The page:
Suzi's Blog

Still and Forever: The Best Chocolate Chip Cookie

The Good Cookie

How many times have you made chocolate chip cookies?  Honestly?  Yes, you have to start counting from childhood, when you tugged on Mom’s apron and got one big serious lick of cookie dough.  That’s when our common addiction started.  Long after Mom is gone, that craving for dough, for the smell of baking cookies and, of course, that taste of a warm cookie out of the oven will awaken memories deep inside.

Suzen is having a private party this weekend at Cooking by the Book. Her client has requested a supply of the best chocolate chip cookies possible. We knew immediately where to turn for the recipe. This post, originally form 2010, is timeless. You can never have enough chocolate chip cookies, and you certainly can never have enough of the very best ones. Once you have made this recipe, you will always, always return for more.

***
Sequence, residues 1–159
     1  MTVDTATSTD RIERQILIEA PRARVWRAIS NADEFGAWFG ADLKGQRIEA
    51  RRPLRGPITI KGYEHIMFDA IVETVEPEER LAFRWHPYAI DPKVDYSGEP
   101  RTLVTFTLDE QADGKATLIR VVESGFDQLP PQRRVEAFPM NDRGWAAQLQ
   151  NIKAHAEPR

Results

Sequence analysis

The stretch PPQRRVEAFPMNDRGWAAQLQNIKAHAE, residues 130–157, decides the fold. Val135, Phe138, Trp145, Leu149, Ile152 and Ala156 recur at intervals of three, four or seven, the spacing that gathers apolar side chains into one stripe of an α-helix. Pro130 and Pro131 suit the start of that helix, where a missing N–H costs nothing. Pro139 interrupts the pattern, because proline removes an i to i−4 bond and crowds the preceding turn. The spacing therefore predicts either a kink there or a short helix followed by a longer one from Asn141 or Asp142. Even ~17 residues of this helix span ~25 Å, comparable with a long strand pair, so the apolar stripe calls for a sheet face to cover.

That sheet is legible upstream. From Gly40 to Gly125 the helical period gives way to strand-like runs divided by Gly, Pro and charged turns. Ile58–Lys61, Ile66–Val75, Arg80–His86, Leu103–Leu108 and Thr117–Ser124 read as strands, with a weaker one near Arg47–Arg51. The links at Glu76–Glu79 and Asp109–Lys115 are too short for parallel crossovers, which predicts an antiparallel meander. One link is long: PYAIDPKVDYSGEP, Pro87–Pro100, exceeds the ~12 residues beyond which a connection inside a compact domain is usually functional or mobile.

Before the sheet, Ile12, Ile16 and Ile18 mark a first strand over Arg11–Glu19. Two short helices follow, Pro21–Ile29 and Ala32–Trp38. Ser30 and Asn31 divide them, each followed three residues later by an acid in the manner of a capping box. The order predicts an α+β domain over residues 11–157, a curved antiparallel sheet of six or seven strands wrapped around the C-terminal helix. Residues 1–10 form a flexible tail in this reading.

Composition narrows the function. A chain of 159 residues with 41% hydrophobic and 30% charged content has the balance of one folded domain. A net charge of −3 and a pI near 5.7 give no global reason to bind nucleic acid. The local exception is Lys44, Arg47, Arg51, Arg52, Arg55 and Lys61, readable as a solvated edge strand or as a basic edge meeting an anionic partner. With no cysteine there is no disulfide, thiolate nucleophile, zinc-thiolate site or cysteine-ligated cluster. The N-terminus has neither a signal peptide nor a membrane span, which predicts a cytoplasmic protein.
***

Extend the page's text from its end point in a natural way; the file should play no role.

To be honest, that recipe on the back of the package of chocolate chips is good.  It really is.  As time has gone by, whole books have been created about chocolate chip cookies.  I’ve blogged about one of those books [http://www.cookingbythebook.com/blog/cookbook-reviews/essential-chocolate-chip-cookbook-elinor-klivans/].

So, truly sans ego, I am going to claim that I am chocolate chip cookie expert.  And that is why I can say with great confidence that I have found the world’s very, very best chocolate chip cookie recipe.  It’s from Tish Boyle in her book The Good Cookie.  The recipe is below and I will tell you her key secret: use melted butter.  Oh, and you make them big.